issues across the organization, the teams worked better and the product was better for that understanding.
Separate the People Management from the Project Manager
A team champion separates the management from the project management. I'm all for separating the person who represents the organization's management from the person who protects the forward progress of the project. Those are two different jobs. Unless you have a small organization-as in, three to five people-it's not possible to do both jobs well. There is too much management work to do the project management. Or, if you do the project management, you shortchange the management role. Certainly, once you have more than one project team, you need a manager to do the management work.
Why Separate the People Management From the Project Management?
In a new agile environment, the project manager/ScrumMaster/process leader-whatever the person who protects the team's agile process is called-has a ton of work to do: remove obstacles, maintain velocity charts, remove obstacles, make sure the standups remain standups, make sure someone facilitates the retrospectives, work with the customer or product owner on the product backlog, remove obstacles, help the team define what done means, help people recognize when they need help, and remove obstacles.
You've noticed I've mentioned removing obstacles numerous times. In new-to-agile teams, noticing the obstacles is the first challenge. And, as more organizations attempt to move to agile, they are noticing that removing the obstacles often entails influence and negotiation at varying levels of the organization-not an easy task.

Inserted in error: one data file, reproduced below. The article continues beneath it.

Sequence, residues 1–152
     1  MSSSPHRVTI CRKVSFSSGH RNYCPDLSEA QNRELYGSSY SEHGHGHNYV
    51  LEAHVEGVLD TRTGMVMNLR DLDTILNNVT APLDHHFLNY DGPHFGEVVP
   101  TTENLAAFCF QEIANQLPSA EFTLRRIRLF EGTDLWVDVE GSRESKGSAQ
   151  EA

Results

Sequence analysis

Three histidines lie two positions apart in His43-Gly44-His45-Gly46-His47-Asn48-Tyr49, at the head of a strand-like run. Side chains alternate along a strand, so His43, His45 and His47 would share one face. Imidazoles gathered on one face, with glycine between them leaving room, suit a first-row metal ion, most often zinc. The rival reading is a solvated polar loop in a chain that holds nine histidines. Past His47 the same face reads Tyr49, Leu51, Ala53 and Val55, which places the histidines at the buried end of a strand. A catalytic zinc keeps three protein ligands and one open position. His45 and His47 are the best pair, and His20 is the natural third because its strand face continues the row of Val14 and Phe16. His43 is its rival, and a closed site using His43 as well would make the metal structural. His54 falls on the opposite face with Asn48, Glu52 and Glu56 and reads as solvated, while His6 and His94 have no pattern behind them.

It's a big job, and many managers of these project manager people also expect them to contribute technically to the project. Once you have technical work and are a technical peer, it's not possible to act as a manager for people on the team.
Who Will Review the People?
When I coach managers in organizations transitioning to agile, they all want to know: How will we make sure people have a fair review?
Well, forget the fair business about reviews. No review is completely objective and fair. If you really want to make it fair, ask the project team members to review their colleagues.
What people really want is time every week or every other week to discuss their progress with a trusted colleague. That's what a manager does.
If you want to make sure the raise is fair, that's a different problem. You need a published career ladder with a number of rungs and objective criteria attached to each rung. You need relatively thin salary ranges at each level. You need to make sure someone reviews those levels at least once a year and increases them to match the going rate in your area.
Reviews are a red herring , . There are tons of ways to review people. Separate the feedback providing from the money exchange.
Agile Changes the Game for Managers
When an organization transitions to agile, managers have to work across the organization-not just for managing the project portfolio instead of shuffling people around, but also to help team members with the inevitable stresses that come from working closely with others in a knowledge worker organization.
If you're a functional manager, are you ready?
I thank Esther Derby, Don Gray, and George Dinwiddie for their review.
 Buckingham, Marcus and Curt Coffman. First, Break All the Rules: What the World's Greatest Managers Do Differently. Simon & Schuster, New York, 1999.
 Rothman, Johanna and Esther Derby. Behind Closed Doors: Secrets of Great Management. Pragmatic Bookshelf, Dallas and Raleigh, 2005.
- Pfeffer, Jeffrey. The Human Equation: Building Profits by Putting People First. Harvard